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Judge ends Arkema trial with no convictions

August 25, until September 2, 2017 Hurricane Harvey brought a historic deluge, flooding knocked out power and refrigeration units were lost. Organic peroxides blazed after all cooling methods failed.As warned by company executives at a press briefing at Crosby Volunteer Fire Department Station Two in Newport, trailers containing chemicals that become volatile at normal temperatures explode outside a warehouse at Arkema Chemical Crosby. About 200 locals were evacuated and 21 first responders were treated at local hospitals.

By Lewis Spearman

HOUSTON – On October 1, Arkema SA and executives were acquitted of criminal charges related to events that followed Hurricane Harvey in 2017.

Arkema executives were charged with the crime of felony assault related to failure to provide adequate emergency response information related to first responders entering into a location with toxic fumes. The company was earlier similarly indicted for failure to assess risks.

Although the acquittal bears directly on the responsibility of the company it does not necessarily end the lawsuits related to the incidents.

The same judge found that prosecutors had committed unintentional misconduct.

A 2018 US Chemical Safety Board final report indicated that Arkema had not considered flooding a “credible risk” although it is within the flooding plain and that agency urged better preparation for extreme weather.

CEO Richard Rowe, Plant Manager Leslie Comardelle were indicted in 2018 and in 2019 Mike Keough, Vice President of Logistics for assault. On September 30, 2020 Judge Belinda Hill dismissed the reckless endangerment charge against Rowe due to lack of evidence. Comardelle was not guilty in a directed verdict. Keough and Arkema had charges dropped last month related to the injuries of first responders.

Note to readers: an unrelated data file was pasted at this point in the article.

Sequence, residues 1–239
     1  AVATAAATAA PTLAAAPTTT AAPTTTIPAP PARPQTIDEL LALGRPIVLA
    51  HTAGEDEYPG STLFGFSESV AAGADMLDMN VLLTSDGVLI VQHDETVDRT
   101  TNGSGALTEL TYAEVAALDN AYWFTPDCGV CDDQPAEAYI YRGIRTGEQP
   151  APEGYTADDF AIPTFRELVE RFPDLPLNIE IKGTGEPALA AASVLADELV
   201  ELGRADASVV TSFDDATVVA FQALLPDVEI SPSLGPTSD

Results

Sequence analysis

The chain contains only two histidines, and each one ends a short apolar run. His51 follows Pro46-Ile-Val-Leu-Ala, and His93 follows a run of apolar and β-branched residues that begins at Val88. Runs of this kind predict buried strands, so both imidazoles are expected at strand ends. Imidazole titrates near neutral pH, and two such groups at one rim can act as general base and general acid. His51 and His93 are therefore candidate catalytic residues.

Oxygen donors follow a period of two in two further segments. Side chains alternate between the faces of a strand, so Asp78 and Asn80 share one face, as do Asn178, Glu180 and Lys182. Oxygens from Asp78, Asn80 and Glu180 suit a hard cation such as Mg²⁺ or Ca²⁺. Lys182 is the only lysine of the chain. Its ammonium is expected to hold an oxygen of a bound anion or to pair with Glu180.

Arkema hired Rusty Harding to preside over their legal representatives. It was he that began to point out the nature of the historic flood being an “Act of God.”

A company statement at that time said, “Our plant employees went to heroic lengths to protect the public, and when flooding overwhelmed their every effort, we proactively notified emergency responders and the public, days before the first fire started,” Arkema stated.

In 2019 Harris County District Attorney Kim Ogg hired additional attorneys to prosecute environmental and safety crimes.

There had been talk of other indictments but charges were dropped related to failure to disclose the presence of certain chemicals when the Harris County Office of Emergency Management indicated they had been given a detailed list of all chemicals present at the facility.

Suspended last Spring, the trial started up again last month.

“Today’s ruling doesn’t change the fact that dangerous chemicals on Arkema property ignited and were belched in a cloud of toxic smoke over the surrounding communities, and a first responder, there protecting people is now on a lung transplant list,” said Dane Schiller, speaking for the District Attorney’s Office.

Arkema released a statement on October 1, in part it says, “We’re pleased to see the end of this trial, which should have never taken place at all. The facts of this case did not warrant any indictments, and we do not believe any indictments would have been granted but for the false information presented to the Grand Jury by prosecutors. The prosecutors in this case repeatedly, blatantly and unapologetically broke rules that are in place to protect us all by ensuring our fundamental right to a fair trial.

“We are pleased that Judge Belinda Hill found – not once but twice – that the prosecutors had committed misconduct.”

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